Woke up this morning with the cat sitting on my chest purring. When I got up I saw that the cat had vomited twice in the living room overnight. Then I watched Carpool Karaoke with Paul McCartney and everything was ok.
xxxTentacion died. Opinion was divided at school between sadness at his death and disgust at his actions in life. I had never heard of him. So I read about him. I’d be in the disgusted camp. Thanks to reading about him I have now read one of the most foul things I have ever had the displeasure of reading. I don’t feel like repeating it here but it involves xxxTentacion explaining what he would like to do to your younger sister. I can see most things with nuance but I have an un-nuanced response to that tweet: it is the kind of thing you just can’t say and even if you think it you need to get some help. I don’t mean that as a throwaway comment; I mean – please seek actual help.
I guess I would say that his lyrics often represent how someone who is angry and unhappy and young and powerless tries to show that they have power through violence, and sex: violent dominant sex.
I watched The Staircase on Netflix. It’s a true crime thing. A documentary about a man called Michael Peterson who was found guilty of killing his wife, but who maintains that she died accidentally after falling down a staircase at their house. The weight of the footage is from the documentary film crew that Peterson himself hired of Peterson and his lawyers talking about the case, preparing the case, and being in the courtroom. It is unclear if it was an assault or an accident.
It is a good documentary. On the other hand it isn’t. The filmmakers have achieved some objectivity, but it is always important to remember who they have access to and who they don’t. One of the victim’s sisters has almost the final word and it is clear exactly how devastating the whole process has been for her. Not just the murder/accident, but the fact of the film crew itself. Inviting them into the case, as Peterson did, was a big invasion of privacy for everyone connected to the case and especially those who were not on Peterson’s side. Watching the jocular conversations between Peterson, his legal team, and his family must have been galling. To put it mildly.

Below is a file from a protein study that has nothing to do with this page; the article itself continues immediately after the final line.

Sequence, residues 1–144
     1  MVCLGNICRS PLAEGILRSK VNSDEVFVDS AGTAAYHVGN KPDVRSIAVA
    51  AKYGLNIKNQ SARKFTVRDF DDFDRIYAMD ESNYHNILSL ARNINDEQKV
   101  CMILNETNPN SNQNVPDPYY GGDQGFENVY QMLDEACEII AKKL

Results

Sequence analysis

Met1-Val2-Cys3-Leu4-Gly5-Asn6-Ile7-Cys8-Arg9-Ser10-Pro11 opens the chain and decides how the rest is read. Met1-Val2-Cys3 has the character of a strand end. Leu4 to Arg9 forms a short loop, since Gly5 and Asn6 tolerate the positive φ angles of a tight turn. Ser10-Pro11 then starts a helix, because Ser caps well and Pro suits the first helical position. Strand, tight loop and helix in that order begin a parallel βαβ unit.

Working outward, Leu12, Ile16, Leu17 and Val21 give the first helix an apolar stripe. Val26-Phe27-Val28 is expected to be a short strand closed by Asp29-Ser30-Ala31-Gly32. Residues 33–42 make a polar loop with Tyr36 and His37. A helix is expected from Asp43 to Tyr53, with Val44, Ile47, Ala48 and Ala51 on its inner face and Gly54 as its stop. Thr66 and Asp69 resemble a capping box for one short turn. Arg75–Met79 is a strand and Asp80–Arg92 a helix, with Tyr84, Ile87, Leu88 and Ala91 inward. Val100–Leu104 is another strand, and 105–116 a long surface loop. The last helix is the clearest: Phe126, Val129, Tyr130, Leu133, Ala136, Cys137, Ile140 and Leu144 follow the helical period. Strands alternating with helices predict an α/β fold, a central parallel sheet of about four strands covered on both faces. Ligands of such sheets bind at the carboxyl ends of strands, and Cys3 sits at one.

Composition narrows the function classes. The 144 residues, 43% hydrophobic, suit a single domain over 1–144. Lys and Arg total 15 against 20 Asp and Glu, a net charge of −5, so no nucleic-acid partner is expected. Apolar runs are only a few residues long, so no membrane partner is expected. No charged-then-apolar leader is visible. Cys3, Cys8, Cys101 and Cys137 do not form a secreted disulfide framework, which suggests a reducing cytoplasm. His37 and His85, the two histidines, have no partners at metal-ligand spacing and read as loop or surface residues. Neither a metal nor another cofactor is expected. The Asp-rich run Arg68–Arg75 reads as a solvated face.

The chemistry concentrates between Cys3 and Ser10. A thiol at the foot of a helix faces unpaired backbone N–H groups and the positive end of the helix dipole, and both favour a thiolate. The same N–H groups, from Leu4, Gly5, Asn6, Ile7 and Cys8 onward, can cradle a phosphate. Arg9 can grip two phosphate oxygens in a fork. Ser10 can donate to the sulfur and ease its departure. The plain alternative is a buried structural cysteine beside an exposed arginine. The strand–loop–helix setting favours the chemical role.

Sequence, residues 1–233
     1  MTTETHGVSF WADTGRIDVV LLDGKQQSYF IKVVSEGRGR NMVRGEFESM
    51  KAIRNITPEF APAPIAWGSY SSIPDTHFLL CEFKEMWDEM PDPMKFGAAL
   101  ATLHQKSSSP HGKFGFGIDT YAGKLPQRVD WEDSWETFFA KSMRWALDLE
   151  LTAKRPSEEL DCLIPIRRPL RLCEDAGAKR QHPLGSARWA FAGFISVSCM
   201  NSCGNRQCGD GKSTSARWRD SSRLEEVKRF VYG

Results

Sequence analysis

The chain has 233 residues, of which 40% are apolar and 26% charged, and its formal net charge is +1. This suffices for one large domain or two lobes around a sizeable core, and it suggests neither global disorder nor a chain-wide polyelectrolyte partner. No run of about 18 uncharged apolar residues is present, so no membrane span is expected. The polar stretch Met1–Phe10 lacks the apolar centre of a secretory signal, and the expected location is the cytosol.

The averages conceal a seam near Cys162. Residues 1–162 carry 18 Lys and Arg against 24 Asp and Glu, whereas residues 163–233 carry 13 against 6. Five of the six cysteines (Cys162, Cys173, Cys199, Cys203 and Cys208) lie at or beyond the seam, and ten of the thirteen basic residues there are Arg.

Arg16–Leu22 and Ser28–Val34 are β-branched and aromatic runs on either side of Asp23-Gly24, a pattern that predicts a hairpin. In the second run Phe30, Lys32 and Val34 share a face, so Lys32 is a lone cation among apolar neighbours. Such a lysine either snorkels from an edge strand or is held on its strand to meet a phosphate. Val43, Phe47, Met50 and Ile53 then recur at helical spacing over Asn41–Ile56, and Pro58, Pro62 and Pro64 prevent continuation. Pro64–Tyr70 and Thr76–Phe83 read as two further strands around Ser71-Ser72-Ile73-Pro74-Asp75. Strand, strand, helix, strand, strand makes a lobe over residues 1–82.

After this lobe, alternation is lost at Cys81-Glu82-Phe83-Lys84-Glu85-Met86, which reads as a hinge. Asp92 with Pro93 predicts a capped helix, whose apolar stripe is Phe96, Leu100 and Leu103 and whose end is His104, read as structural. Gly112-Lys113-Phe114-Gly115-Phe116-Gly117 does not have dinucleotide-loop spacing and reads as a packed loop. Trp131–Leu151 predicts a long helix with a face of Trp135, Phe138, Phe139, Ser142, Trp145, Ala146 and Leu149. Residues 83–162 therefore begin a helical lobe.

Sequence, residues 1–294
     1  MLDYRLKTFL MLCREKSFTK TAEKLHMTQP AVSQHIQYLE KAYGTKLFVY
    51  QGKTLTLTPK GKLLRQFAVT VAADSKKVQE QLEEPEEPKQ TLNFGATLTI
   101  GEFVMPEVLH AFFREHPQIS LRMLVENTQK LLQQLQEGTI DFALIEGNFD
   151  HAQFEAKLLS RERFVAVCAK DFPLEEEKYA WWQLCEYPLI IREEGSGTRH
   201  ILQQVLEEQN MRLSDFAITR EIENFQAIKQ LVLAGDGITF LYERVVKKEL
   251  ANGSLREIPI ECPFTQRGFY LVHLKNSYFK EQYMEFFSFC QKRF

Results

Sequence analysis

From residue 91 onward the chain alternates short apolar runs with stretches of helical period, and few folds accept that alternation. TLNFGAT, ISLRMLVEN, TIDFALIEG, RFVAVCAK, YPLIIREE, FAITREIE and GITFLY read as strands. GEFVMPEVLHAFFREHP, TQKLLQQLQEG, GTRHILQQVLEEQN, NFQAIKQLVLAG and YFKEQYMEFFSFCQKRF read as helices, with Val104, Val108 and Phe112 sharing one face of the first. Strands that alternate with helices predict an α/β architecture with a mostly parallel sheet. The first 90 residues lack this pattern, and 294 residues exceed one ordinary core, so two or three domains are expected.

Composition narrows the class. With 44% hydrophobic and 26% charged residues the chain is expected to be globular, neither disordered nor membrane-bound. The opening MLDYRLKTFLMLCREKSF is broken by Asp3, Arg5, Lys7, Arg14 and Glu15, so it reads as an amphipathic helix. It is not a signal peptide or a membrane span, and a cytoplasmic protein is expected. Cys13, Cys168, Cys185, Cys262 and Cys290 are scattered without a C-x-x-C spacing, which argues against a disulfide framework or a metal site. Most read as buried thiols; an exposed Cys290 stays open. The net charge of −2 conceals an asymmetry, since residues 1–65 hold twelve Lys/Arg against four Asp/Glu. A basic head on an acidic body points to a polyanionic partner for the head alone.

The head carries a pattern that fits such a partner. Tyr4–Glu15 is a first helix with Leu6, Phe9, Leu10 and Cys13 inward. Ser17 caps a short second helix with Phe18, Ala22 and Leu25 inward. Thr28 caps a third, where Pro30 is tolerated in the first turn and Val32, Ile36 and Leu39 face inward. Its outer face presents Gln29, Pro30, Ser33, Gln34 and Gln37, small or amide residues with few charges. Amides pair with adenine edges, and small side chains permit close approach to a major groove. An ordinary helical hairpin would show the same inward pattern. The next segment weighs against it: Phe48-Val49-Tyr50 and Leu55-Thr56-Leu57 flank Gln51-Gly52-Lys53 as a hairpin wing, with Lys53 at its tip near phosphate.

The story of Kalief Browder features towards the end of the documentary about the criminal justice system in America called The 13th. I happened to be re-watching this documentary for school and Kalief’s story hit home hard this time.
At one point in The Staircase Mike Peterson observes how expensive it is to get justice in America. Peterson posts bail twice in the documentary. Both amounts are six figure sums. The second time he posts $300,000 while “indigent”. I may not understand what this word means, but someone who is truly indigent should not be able to post bail of $300,000. When Kalief was arrested for stealing a backpack (which he didn’t steal) his bail was four figures but he couldn’t pay it so he was held in jail.